2012 “Pregnant Mirror”, Lohame Hagetaot Kibutz’s Gallery, Israel


2011 “Mr. O and Mrs. I”, Sommer Contemporary Art, Tel Aviv


2011 “Oh!”, 95 Tor Strasse, Berlin


2009 “IOI”, Sommer Contemporary Art, Tel Aviv


2007 Helena Rubinstein’s Pavilion for Contemporary Art, Tel Aviv Museum of Art, Tel Aviv


2005 Sadnaot Haomanim, Tel Aviv


2004 “Pastoral”, Julie M. Gallery, Tel Aviv


2003 “Water Hole”, Julie M. Gallery, Tel Aviv



  • Selected Group Exhibitions


2018 “Body Talk”, Circle 1 Gallery, Berlin


2017 “Sing While You’re Burning, Restless Painting from Israel”, Circle 1 Gallery, Berlin


2015 “Don’t Shoot The Painter. Paintings from the UBS art Collection” Galleria d’Arte Moderna di         Milano, Milan, Italy


2015 “Radial System”, Berlin


2014 “Five cardinal directions” Beit Uri and Rami Museum, Kibbutz Ashdod Jaakov, Israel


2010 “Portraits” Sommer Contemporary Art, Tel Aviv


2010 “Cockeye. Mail Nude in Contemporary Israeli Art”, Gal-on Art Space, Tel Aviv


2009 “Wild Exaggeration: The Grotesque Body in Contemporary Art”, Haifa Museum of Art, Haifa


2006 “Mixed Emotions”, Haifa Museum of Art, Haifa


2004 “Animal, Vegetable, Mineral”, Bezalel Gallery, Tel Aviv
2004 “Painting this Time”, Herzliya Museum of Contemporary Art, Herzliya



  • Awards


2014    Residency, La Cité International des Artes  with support from  Institut Français, Paris, France


2005    Grant from America-Israel Cultural Foundation




one minute 00:22 ‎26/‎08/‎2015
you think you need a car. you want to go on the road. you go to the airport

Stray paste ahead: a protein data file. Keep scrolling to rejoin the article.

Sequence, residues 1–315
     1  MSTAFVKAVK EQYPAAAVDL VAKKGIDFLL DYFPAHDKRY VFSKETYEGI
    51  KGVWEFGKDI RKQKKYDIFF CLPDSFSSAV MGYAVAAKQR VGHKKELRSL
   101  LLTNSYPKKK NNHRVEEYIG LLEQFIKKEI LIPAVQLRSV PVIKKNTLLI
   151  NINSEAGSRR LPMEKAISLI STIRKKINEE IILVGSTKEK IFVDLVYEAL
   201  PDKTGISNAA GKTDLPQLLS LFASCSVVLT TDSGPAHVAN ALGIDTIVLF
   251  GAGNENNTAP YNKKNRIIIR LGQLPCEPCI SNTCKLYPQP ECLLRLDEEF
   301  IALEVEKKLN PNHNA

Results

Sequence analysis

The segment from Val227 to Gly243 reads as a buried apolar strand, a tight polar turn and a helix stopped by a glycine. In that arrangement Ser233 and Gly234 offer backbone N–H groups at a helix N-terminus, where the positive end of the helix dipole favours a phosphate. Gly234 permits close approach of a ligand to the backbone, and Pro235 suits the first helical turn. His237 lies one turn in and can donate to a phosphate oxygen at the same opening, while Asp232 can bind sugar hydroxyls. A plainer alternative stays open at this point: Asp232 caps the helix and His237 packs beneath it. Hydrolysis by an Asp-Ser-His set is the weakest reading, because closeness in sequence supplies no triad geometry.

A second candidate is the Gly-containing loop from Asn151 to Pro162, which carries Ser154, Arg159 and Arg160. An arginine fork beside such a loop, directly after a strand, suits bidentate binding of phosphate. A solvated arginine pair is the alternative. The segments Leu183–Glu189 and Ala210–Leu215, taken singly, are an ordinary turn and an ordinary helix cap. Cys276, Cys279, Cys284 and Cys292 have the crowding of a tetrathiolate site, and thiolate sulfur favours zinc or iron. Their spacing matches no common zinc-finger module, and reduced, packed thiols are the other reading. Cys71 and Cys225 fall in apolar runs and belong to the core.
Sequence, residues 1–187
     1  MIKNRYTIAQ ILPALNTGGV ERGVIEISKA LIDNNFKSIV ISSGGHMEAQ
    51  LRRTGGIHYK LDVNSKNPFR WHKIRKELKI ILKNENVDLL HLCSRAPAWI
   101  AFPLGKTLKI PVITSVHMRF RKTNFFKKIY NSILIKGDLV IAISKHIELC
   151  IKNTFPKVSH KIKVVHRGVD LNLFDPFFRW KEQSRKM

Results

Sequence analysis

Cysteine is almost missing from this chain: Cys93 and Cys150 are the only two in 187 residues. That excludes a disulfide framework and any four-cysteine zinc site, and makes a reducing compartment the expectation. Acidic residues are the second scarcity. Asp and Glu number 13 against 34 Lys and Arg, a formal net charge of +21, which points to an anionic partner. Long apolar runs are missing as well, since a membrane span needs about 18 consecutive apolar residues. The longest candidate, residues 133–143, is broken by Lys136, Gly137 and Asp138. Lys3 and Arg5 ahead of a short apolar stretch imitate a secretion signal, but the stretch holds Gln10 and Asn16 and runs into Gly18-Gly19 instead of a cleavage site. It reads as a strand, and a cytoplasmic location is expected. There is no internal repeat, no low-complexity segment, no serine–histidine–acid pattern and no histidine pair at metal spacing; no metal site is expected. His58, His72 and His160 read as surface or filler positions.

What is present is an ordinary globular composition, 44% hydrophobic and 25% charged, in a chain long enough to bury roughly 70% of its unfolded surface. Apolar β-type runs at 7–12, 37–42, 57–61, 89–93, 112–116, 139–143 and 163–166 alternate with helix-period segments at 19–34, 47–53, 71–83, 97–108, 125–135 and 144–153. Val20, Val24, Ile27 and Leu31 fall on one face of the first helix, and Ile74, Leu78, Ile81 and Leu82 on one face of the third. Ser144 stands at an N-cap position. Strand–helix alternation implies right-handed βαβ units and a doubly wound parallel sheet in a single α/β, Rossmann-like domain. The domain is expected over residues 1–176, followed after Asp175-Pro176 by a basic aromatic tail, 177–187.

and then you fly. when you come down to earth you take a train straight
to the marina aboard the yacht to the island. you rent a bicycle.
you take a walk. you think about space. you look up you see the stars.
you think you should travel up there in order to discover a new chemical
element so you can convert it into another element with your 9 billion
dollar particle accelerator so you can fuel your way back into deep space to find out
there is no duty free shop up there so you are better off at the airport.
off you go. taking a taxi to the marina, yachting to the train station
getting to the airport on the last minute departing on an airplane just
to land on earth again in order to take the bus to the parking space where
you parked your car. heading straight back home. 
you have been somewhere you have done something you have seen stuff.
right back to your apartement to your mailbox to your chair.
take your time when you keep an eagle eye on one of ofir dor’s big paintings.
Text by Boaz Benkuzari – 2015